“It was five days before we were supposed to be on the road that we had to shut the trip down,” Anna Benjamin remembers. “When I finally heard that it was a no, it was so difficult.”

For many Corban students, like Anna, spring break mission trips are a highlight to the year. In a time when most are justifiably ready to relax and take a break from the stress and busyness of the school year, many Corban students choose instead to sacrifice their time in order to give back to people in need. Which is why last year, when the pandemic rendered these service opportunities impossible, many students were left wondering why.

For Anna and her team, in a matter of days a year’s worth of preparation, fundraising events, team planning meetings, and growing excitement was wiped away. But last year’s hardship became this year’s blessings as, for the first time since the pandemic, Corban students would once again be sacrificing their spring breaks for the service of others.

“This was a year in the making,” says Anna. She recalls the day that Reach Coordinator Liane Smith approached her with an opportunity to go and serve again at the Dream Center, a relief shelter for individuals experiencing homelessness. “My heart was already prepared for this trip. I didn’t have to think very much about going again.”

As Anna prepared for a new and unexpected opportunity, this time around she would be stepping into a leadership role, building off the hard work of the team members and leaders of the year prior whose fundraising and preparation work they were able to use for this year’s trip. “It was really a gift for the team that was able to go this year,” she says.

Even though the team would be small—only five members, largely due to COVID restrictions—it wasn’t difficult to find willing participants. “We really wanted to help others during this hard time,” says fellow student leader, Raina Tschantre. “Instead of vacationing during spring break, we wanted to use that time to help others who are in need.”

After clearing their two COVID tests and serving a quarantine period, the team was ready to make the long drive down to southern California, eagerly anticipating the opportunity to help meet the needs of the growing hungry and hurting population that waited there.

On arrival, the team was surprised to find that very little of their work would be face-to-face with the people that the Dream Center served. “At first I was confused by that,” Anna says. “But I began to realize the theme of the work that our team did was behind the scenes. We didn’t see the fruit of any of the work we did, but it was to prepare for what will happen in the future.”

Their sacrifices manifested in very different ways. Expectations of sharing food and faith in nearby Echo Park were traded for the reality of moving heavy furniture throughout the Dream Center’s 15-story facility, masks holding in the sweat and heat as they worked. “It was uncomfortable, but it was such a small thing in the scope of what was going on,” says Anna.

The team worked hard each day, preparing meals for the over 2,000 guests that would be served food daily, organizing new spaces for social distancing, and prepping facilities for crucial updates. “It was teaching me not to hold so tightly onto what I thought was useful,” Anna says. “We were learning to bless the people right in front of us, the leaders and staff at the Dream Center.”

And this became the new vital focus of the teams’ ministry—serving the Dream Center staff, pouring into them so that they might be better equipped to meet the needs of those they would continue to serve long after Corban’s team left downtown Los Angeles. “Every Dream Center staff member we met was someone that had been through their 1-year recovery program,” Raina says. “People that used to deal with drug addiction and homelessness were now radically saved and working for the Dream Center. It was awesome to see the redemption of their lives and experience their joyful and servant-based hearts.”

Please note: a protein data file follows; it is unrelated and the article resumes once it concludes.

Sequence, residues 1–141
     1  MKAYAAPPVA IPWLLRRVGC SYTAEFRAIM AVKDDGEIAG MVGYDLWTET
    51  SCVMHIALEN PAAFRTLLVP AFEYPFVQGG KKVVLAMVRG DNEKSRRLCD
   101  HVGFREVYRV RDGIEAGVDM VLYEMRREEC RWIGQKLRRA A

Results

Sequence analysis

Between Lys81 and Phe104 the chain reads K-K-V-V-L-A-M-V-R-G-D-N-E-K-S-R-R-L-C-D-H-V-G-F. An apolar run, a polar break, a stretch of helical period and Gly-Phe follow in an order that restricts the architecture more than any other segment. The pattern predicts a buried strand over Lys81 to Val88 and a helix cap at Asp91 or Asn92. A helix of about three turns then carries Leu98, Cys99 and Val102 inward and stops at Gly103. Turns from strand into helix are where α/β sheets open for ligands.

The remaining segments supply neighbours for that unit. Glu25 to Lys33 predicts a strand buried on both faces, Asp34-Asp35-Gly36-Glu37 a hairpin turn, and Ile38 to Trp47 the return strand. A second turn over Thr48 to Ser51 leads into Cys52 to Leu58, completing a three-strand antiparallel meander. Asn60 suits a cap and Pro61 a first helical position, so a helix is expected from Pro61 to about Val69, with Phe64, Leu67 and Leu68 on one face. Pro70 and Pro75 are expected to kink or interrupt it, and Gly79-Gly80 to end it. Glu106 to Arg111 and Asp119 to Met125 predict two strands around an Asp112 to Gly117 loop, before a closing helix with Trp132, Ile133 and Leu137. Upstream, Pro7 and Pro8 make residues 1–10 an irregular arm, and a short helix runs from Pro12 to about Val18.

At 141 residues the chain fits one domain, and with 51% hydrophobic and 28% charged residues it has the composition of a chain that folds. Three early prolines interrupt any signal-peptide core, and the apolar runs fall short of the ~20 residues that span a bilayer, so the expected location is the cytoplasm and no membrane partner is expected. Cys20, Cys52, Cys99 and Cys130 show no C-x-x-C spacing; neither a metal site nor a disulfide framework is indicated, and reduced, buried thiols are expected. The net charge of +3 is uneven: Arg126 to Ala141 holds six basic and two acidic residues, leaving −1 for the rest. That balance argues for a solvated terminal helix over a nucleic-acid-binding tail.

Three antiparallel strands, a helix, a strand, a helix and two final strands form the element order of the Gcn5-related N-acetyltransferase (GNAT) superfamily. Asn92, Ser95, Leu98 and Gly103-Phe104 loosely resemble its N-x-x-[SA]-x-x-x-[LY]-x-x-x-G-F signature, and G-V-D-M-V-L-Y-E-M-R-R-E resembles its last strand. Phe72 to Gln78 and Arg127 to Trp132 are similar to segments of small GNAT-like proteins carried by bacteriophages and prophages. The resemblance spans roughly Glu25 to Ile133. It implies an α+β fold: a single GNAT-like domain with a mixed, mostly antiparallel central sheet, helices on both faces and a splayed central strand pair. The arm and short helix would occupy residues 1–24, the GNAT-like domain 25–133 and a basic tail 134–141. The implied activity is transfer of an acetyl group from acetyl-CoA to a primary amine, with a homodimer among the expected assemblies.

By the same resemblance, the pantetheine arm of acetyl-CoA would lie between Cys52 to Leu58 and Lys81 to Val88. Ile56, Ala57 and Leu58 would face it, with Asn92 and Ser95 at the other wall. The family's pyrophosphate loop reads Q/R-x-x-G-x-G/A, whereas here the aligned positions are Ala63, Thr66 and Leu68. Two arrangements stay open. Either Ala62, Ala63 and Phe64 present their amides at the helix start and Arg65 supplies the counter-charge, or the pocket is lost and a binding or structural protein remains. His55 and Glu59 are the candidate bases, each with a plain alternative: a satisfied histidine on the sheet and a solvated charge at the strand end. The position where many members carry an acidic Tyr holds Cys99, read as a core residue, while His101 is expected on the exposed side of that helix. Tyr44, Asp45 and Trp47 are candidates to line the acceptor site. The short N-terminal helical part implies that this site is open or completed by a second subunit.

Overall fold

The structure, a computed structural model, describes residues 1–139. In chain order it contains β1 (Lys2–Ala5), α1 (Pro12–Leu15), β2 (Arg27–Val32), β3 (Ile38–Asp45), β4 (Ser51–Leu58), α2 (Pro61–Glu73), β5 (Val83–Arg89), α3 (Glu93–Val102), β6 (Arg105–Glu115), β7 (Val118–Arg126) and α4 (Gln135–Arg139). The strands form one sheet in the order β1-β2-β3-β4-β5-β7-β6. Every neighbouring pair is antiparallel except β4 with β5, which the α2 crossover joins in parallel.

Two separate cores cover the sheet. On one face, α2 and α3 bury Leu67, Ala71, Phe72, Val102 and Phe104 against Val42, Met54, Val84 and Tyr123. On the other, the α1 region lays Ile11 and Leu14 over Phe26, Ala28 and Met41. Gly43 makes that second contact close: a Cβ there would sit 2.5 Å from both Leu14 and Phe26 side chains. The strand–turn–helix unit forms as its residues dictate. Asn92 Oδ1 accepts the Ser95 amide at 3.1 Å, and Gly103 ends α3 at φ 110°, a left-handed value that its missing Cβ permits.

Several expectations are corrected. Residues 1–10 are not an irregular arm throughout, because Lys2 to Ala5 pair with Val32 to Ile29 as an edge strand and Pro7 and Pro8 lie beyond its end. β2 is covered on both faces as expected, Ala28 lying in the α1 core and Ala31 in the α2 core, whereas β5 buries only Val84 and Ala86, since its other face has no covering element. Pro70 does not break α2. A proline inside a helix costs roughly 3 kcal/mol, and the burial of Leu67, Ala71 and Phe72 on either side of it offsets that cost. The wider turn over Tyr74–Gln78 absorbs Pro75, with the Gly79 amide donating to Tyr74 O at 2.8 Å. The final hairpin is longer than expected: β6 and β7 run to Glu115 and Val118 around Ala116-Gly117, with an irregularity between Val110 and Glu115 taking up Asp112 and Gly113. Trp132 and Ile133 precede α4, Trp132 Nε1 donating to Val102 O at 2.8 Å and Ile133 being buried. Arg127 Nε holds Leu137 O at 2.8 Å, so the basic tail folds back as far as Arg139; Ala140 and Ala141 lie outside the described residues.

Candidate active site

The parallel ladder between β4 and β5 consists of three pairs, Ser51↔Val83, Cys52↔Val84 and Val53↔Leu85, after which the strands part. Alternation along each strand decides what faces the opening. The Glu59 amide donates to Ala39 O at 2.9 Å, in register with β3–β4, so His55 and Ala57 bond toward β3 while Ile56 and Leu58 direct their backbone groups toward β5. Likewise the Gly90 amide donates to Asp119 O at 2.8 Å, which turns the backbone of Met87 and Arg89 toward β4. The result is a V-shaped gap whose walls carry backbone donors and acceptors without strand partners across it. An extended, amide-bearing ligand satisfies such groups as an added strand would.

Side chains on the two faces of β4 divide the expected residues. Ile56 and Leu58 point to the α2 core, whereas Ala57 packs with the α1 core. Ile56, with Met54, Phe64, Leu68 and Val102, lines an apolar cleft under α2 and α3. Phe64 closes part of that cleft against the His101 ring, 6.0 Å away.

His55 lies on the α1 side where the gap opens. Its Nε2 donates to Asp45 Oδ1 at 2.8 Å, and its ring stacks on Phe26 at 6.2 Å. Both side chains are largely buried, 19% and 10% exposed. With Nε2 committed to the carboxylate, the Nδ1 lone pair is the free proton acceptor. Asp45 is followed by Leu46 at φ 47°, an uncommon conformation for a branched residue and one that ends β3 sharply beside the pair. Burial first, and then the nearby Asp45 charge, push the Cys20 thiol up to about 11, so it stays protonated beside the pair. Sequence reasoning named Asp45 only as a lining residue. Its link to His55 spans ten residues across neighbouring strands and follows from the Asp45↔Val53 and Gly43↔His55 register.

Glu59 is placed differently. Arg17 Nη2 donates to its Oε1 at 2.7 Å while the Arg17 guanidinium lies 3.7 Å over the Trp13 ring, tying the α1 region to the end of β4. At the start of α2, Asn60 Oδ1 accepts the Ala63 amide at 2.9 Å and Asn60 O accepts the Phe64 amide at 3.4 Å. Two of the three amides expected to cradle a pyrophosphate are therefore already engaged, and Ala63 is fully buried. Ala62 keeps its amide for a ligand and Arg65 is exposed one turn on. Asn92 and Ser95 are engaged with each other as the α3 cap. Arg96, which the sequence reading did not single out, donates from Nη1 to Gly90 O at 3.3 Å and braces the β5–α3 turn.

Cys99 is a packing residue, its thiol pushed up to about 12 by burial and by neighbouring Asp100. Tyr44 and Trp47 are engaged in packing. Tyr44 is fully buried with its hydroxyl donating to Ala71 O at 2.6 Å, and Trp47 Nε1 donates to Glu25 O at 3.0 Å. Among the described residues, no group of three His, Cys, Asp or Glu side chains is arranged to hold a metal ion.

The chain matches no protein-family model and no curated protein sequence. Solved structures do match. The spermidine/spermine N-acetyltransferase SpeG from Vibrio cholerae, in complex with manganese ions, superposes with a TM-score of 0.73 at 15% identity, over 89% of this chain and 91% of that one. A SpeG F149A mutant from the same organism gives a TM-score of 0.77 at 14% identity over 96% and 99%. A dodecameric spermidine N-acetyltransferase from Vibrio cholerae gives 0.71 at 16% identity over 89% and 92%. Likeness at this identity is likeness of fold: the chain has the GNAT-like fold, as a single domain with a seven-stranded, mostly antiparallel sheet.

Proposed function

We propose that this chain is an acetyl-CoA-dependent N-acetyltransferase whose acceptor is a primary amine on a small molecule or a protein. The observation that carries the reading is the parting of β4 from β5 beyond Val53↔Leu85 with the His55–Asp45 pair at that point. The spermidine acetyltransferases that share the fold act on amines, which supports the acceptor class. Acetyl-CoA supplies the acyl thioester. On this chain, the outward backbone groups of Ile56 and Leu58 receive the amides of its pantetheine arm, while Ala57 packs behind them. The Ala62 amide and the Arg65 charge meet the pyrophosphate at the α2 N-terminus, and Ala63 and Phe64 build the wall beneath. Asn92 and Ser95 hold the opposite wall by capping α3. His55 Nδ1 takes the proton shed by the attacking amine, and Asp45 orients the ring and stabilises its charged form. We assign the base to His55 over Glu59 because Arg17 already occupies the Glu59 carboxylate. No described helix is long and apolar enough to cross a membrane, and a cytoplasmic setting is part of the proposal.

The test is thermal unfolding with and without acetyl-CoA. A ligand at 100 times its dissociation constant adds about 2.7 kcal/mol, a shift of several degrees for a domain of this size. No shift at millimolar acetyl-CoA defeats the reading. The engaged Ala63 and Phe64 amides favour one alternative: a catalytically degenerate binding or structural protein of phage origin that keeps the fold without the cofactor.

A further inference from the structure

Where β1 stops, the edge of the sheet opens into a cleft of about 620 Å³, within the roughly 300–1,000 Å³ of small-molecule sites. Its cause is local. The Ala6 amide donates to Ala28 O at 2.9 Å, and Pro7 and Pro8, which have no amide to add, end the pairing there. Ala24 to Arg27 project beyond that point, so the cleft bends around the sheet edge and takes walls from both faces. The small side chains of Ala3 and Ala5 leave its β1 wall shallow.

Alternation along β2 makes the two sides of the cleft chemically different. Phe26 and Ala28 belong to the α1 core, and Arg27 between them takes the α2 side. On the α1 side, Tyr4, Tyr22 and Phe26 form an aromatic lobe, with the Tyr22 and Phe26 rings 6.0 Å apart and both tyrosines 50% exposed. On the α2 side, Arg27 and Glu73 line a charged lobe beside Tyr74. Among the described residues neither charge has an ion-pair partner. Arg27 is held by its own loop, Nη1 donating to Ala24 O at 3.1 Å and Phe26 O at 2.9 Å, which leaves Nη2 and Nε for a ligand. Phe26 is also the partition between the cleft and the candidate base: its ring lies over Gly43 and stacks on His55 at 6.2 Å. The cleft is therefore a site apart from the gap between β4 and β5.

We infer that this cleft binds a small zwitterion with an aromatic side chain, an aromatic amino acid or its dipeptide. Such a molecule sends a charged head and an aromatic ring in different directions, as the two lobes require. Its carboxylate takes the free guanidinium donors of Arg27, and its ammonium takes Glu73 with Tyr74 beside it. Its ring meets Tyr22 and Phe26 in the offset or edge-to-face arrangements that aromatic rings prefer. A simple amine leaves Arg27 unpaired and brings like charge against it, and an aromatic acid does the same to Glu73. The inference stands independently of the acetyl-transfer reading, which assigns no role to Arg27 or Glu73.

This unexpected shift in ministry focus ended up being the highlight of the trip, meeting the calling Anna had been moving towards for over two years. “I realized I couldn’t really be upset about not having more of those face-to-face conversations and hearing peoples’ stories, because our team did that,” she says. “We heard those stories, but it was from people whose lives had already been redeemed. And we were able to listen to and support them.”

The team took this new mission seriously, opting to continue to serve in the evenings rather than taking that time to rest or sightsee. “This trip taught me that there is a difference in doing charity work and genuinely serving others,” Raina says. “Instead of looking at it like we were the ones helping those who were in some way lesser than us, we learned that serving others means putting them and their needs above ourselves.”

For Anna, her time also revealed aspects of her experience back home that she had not fully encountered. “A surprising part of this trip for me was realizing how the Corban community, the relationships I’ve made there, the conflicts, the growth, all helped to prepare me for the dynamics of our team and with the people we were working with at the Dream Center,” she says. “When you’re at Corban you learn inside and outside of the classroom.”

As the small team of Corban students confronted a radically different service experience than they expected, choosing to move in faith during a time when stagnancy has often seemed to be the new norm, their new missional focus led to a deeper appreciation of the work being done at the Dream Center, not just during a week-long mission trip, but every day. “Hearing from the people we met, how God was able to redeem them, I just want to see that multiply, and see more of those stories,” says Anna. “Ultimately, we want to see more people move from false freedom to freedom in Christ—to real freedom.”